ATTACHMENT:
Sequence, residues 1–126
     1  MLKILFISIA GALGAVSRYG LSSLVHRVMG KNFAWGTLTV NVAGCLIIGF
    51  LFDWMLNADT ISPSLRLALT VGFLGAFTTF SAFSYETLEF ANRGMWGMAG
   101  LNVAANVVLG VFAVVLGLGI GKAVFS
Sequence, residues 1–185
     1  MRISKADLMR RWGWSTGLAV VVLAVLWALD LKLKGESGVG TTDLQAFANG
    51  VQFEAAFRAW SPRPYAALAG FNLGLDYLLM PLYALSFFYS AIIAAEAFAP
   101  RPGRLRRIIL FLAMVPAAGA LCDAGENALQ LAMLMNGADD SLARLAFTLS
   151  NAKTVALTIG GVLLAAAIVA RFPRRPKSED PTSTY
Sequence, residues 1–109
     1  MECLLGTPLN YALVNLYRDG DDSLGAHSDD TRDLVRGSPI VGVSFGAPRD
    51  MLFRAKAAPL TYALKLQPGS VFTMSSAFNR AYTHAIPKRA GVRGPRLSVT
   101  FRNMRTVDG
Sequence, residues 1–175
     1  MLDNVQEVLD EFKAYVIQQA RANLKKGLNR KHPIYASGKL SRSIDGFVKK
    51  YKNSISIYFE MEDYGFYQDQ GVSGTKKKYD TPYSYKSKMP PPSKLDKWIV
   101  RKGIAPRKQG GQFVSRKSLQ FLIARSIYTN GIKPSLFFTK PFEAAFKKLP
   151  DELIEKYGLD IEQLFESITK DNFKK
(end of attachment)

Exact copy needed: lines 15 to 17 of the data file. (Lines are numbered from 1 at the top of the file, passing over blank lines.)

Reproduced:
     1  MLDNVQEVLD EFKAYVIQQA RANLKKGLNR KHPIYASGKL SRSIDGFVKK
    51  YKNSISIYFE MEDYGFYQDQ GVSGTKKKYD TPYSYKSKMP PPSKLDKWIV
   101  RKGIAPRKQG GQFVSRKSLQ FLIARSIYTN GIKPSLFFTK PFEAAFKKLP